Since I’ve recently heard that ‘The Falcon’ might be making an appearance in the Captain America movie, I thought I would provide some background information on the character from Marvel Comics…
Sam grew up in a tough Harlem neighborhood. His father, a minister, had been killed trying to stop a fight. Sam did his best to try and do the right thing, but when his mother was killed by a mugger two years later, Sam’s grief and anger consumed him. His grief and anger consumed his personality, eventually led him down a criminal path. The once-respected community volunteer took on the name of "Snap" Wilson, becoming a racketeer while working for the mob.
After an assignment in Rio de Janeiro, Sam’s plane crashed in a remote Caribbean island where the Red Skull and his henchmen, the Exiles, were hiding out. The Red Skull sought to use Wilson as a pawn against Captain America, who was currently on the island searching for the villain. The Skull reasoned that Wilson’s idealism would appeal to the Captain enough to become his crimefighting partner. Then, at some later date, the Skull could use Wilson against his enemy. He used a Cosmic Cube to revert "Snap" into Sam and give Sam the ability to telepathically communicate with birds, especially a bird that Wilson had bought named Redwing. Sam helped Captain America defeat the Skull and did indeed become his partner as the Falcon.
UPDATE: Sebastian Stan is confirmed to return as Bucky in the film.
For Marvel fans, the last few days have been head-spinning. New titles for the Thor and Captain America sequels, the official announcement of Guardians of the Galaxy, Ant-Man test footage, Iron Man 3 details including Ben Kingsley as the Mandarin, the list goes on and on. They’re now adding to the madness as Anthony Mackie is in talks to join Joe and Anthony Russo‘s Captain America: The Winter Solider, possibly playing a superhero named Falcon. Read more after the jump.
The Hollywood Reporter broke the news of Mackie’s likely involvement in the film, which is scheduled for a April 4, 2014 release.
The newly revealed title all but confirms that Bucky (Sebastian Stan), will return as The Winter Solider. He’s Russia’s answer to Captain America, a super soldier brainwashed by the Russians when he’s discovered all but dead. Somehow, one would image Captain America would learn of this person in some post-Avengers way and have a battle with his former friend.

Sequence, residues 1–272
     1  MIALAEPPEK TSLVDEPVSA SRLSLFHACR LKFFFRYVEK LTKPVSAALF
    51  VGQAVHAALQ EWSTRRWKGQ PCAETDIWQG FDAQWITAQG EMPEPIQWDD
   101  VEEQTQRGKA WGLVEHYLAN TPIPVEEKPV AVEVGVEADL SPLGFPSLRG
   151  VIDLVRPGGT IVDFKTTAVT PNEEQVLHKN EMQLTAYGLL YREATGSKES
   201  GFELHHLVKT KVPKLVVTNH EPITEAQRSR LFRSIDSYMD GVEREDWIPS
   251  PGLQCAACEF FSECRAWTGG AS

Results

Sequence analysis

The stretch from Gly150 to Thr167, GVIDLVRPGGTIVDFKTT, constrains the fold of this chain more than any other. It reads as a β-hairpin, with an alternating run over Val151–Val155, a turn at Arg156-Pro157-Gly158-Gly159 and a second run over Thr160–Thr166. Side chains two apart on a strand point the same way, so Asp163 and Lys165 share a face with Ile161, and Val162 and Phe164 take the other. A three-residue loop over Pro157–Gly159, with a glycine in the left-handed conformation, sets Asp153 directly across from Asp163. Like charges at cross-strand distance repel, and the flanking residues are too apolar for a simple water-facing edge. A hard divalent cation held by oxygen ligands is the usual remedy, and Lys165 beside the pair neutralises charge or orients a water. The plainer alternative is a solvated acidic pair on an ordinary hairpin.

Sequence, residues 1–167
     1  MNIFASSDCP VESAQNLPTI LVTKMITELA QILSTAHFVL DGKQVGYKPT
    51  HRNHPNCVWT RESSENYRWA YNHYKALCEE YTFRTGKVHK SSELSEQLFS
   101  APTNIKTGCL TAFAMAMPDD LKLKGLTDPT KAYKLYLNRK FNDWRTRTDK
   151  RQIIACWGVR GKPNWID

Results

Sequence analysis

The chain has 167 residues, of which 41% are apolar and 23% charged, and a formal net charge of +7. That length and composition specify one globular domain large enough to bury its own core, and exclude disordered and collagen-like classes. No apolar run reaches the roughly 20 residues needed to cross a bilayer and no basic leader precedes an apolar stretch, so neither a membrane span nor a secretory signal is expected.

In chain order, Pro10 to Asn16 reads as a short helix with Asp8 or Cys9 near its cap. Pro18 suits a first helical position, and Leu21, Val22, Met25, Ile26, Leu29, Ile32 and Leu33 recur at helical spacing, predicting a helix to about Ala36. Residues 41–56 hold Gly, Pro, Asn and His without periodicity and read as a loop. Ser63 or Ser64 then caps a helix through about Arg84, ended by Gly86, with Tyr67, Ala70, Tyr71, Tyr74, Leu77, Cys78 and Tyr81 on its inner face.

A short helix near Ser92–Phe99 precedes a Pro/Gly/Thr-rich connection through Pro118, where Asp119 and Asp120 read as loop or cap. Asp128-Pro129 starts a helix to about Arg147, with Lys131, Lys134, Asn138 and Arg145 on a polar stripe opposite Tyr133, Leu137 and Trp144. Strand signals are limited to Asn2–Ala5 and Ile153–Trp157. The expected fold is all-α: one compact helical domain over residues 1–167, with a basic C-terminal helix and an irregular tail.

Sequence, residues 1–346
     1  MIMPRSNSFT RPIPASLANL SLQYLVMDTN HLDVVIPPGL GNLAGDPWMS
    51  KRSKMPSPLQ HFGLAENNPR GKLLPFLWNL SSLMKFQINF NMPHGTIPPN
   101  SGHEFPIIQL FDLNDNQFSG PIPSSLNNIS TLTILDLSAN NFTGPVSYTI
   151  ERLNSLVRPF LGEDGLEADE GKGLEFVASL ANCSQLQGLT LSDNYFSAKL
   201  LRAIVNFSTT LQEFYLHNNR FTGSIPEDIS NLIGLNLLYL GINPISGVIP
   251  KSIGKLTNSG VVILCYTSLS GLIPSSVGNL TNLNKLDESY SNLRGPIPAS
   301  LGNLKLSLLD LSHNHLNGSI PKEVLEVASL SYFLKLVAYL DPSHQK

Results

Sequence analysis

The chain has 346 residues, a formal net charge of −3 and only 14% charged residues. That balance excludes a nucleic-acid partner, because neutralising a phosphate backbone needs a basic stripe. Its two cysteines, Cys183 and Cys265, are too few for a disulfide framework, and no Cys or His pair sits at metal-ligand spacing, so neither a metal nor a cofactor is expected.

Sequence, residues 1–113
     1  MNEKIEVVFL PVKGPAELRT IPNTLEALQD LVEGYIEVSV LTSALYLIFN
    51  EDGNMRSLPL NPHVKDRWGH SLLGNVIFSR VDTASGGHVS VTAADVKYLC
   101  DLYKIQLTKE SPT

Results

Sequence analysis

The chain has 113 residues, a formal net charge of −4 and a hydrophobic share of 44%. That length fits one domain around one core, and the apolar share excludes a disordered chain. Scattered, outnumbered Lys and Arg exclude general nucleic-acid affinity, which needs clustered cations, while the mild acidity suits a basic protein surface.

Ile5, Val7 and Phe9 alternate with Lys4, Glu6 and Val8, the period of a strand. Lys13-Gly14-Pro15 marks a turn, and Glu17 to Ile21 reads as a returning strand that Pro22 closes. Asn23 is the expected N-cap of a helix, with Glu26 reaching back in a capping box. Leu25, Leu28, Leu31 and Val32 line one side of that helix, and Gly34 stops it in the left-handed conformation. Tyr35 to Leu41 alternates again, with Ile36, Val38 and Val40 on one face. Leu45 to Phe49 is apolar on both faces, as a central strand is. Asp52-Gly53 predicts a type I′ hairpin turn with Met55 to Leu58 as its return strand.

Falcon, the character Mackie is believed to be up for though Marvel wouldn’t comment, is a New York based, African American superhero named Sam Wilson. In the comics, he’s regularly teamed up with Cap, and even flirted with joining The Avengers. The character has also had story lines dealing with S.H.I.E.L.D, the Cosmic Cube and even played a key role in comic book storyline that saw Bucky become the new Captain America. With this character now in the mix, there are a ton of different directions that not only this film can go, but Avengers 2 and a third Captain America film as well.
How do you think Falcon will fit into Captain America: The Winter Soldier? Is Mackie the right man for the job?
“The legacy of his artistic storytelling and abilities played a key role in cementing the enduring popularity of characters like Daredevil, Iron Man, Howard the Duck, Blade and Dr. Strange, and garnered him praise and fans the world over,” columnist George Khoury said in an obituary on Comic Book Resources this morning.
In lieu of flowers, Colan’s friend Clifford Meth is asking folks to contribute to a scholarship being set up in Colan’s name for The Kubert School. Details on how to donate can be found on Meth’s blog.
Fellow creators, fans and friends of Gene Colan are sharing memories. Here are a few; as always, click through to see the entirety of what they have to say about one of comics’ legendary artists:
Clifford Meth: “I knew this day would come but it came too quickly. It’s been a rare pleasure working with Gene. He knew who he was—how valuable his contributions to the world of comic art have been—how prized it remains by so many. Yet he never felt less than grateful to anyone who’d even read a single panel that he’d drawn. Until he was too weak to hold a pencil, he put his whole kishkes into everything he drew—whether it was a $5000 commission or a small drawing for someone’s child. And he was never satisfied with his artwork but always eager to learn a little more, do a little better, try something new. At 84.”
Mark Evanier: “Gene was so much a part of comics as long as I’ve read comics. He was the kind of artist who rarely drew less than two comics a month (sometimes, three) and I think a lot of people took him for granted. If he had drawn a handful of comics as fine as what he did in the sixties and seventies and then gotten out, readers would still be haunting their comic shops, praying for his return. I also enjoyed his friendship…and I have to tell you that the one time he drew a script of mine was one of those moments when I would have paid the company for the honor. I received Xeroxes of his pencilled pages — so much more wonderful, of course, than the printed product — and I just grinned for days…because I’d just written a comic drawn by Gene Colan. He always made everything look so damned good.”